Delirium has this hallmark feature of "reversal of sleep wake cycle".
Hallucinations & Delusions are common.

Also, PPD does not start so suddenly (2 AM at night)
PPD does NOT cause confusion.
My apologies, I meant PostPartum psychosis. That's her diagnosis (According to me). Which fits with her symptoms.

Codeine will definitely be part of the Differential don't get me wrong, I just believe with her other symptoms (wanting to hurt child, post partum) etc. Post partum Psychosis fits better.
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Quote:
Originally Posted by Nik7733 View Post
My apologies, I meant PostPartum psychosis. That's her diagnosis (According to me). Which fits with her symptoms.

Codeine will definitely be part of the Differential don't get me wrong, I just believe with her other symptoms (wanting to hurt child, post partum) etc. Post partum Psychosis fits better.
I agree that wanting to hurt her baby goes more in favor of PPP but extreme confusion is not a feature of PPP.
Also, there is no previous history of psychiatric disorder.
Quote:
Postpartum psychosis is the most severe form of postpartum psychiatric illness.[50] The condition is rare, occurring in approximately 1-2 per 1000 women after childbirth.[7] At highest risk are women with a personal history of bipolar disorder or a previous episode of postpartum psychosis.[51, 52]

Presentation

Postpartum psychosis has a dramatic onset, emerging as early as the first 48-72 hours after delivery. In most women, symptoms develop within the first 2 postpartum weeks.[50, 52] The condition resembles a rapidly evolving manic or mixed episode, with symptoms such as restlessness and insomnia, irritability, rapidly shifting depressed or elated mood, and disorganized behavior.[50, 52]
The mother may have delusional beliefs that relate to the infant (eg, the baby is defective or dying, the infant is Satan or God), or she may have auditory hallucinations that instruct her to harm herself or her infant.[3, 31, 38, 50, 52]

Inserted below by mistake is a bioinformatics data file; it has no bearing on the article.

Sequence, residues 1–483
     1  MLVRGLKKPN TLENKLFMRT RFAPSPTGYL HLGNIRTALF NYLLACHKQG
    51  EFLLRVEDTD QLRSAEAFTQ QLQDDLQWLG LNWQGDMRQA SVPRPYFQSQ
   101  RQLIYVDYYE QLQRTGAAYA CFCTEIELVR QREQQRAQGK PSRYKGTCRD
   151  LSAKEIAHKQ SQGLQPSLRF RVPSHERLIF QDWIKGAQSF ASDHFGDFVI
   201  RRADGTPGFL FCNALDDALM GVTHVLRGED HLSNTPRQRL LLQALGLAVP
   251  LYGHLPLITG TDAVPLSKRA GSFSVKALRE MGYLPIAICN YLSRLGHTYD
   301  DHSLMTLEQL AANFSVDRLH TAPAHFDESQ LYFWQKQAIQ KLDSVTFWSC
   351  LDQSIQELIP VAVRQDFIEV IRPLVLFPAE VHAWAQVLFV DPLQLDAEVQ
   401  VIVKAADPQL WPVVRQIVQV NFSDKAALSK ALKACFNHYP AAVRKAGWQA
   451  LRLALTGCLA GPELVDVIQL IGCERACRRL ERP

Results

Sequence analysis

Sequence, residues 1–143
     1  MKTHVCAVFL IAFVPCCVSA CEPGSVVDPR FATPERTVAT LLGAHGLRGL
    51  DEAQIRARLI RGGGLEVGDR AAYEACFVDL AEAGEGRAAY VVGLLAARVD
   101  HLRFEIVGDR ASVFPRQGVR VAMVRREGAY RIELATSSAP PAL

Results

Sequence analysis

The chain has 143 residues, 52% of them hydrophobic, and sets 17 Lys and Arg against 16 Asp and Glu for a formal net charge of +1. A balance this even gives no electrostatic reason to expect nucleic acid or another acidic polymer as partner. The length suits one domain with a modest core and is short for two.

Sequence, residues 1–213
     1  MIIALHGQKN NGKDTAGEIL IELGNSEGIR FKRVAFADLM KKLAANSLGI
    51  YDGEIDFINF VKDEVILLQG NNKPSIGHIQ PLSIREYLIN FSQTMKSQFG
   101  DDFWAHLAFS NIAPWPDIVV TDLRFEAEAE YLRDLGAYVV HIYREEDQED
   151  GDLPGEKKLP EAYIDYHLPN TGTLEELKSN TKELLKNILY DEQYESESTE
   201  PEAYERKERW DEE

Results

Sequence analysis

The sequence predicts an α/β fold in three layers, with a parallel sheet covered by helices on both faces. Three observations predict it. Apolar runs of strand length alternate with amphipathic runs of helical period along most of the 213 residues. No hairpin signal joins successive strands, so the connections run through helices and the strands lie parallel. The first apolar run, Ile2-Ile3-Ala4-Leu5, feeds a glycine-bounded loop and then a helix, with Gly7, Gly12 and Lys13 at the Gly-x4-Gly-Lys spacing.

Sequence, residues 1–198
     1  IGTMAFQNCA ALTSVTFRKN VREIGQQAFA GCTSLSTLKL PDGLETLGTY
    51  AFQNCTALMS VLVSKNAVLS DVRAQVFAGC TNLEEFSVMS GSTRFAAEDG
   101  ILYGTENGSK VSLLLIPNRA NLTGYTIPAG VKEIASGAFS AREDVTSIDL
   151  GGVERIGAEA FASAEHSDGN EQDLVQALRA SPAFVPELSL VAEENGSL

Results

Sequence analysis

The risks for infanticide and suicide are high among women with untreated postpartum psychosis.[31, 38] Rates of infanticide in this population are as high as 4%.[38]

Management

Puerperal psychosis is a psychiatric emergency that typically requires inpatient treatment.[17, 49, 52] Most patients with postpartum psychosis have bipolar disorder. Acute treatment includes a mood stabilizer (eg, lithium, valproic acid, carbamazepine) in combination with antipsychotic medications and benzodiazepines.[17]
Electroconvulsive therapy (ECT) (often bilateral) is well tolerated and rapidly effective.[48]
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true that. i dont think codeine for 2 days can cause psychosis. it could add to her already existing post partum psychosis.
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Oh good question... I fell for the trap!

So what's the right answer and explanation? Also what question bank is this from so that I can see/review it again??
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Old 11-24-2012
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Lets make it very clear......
Delirium: means extreme confusion....
so this lady is having epidose of DELIRIUM, which is definitely a part of the symptomatology of PPS......beacuse PPS pts do have periods of Delirium OR Mania....
So i'm sure the most close Dx is: " PPS"
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  #14  
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The correct answer is D. This patient has postpartum psychosis. Postpartum psychosis typically occurs hours to days postpartum and is characterized by anxiety, agitation, insomnia, confusion, and ideation of hurting oneself, the baby, or others. Postpartum psychosis, especially when there are concerns regarding suicide or homicide, must be managed with psychiatric hospitalization for the patient.
Naloxone (choice C). Although this patient is taking codeine (an opioid), she has no evidence of opioid overdose. Thus, naloxone would not be recommended.
Fluoxetine (choice A) is an effective antidepressant. However, this patient has a full-blown postpartum psychosis including homicidal ideation. Management with fluoxetine would not be the most appropriate next step.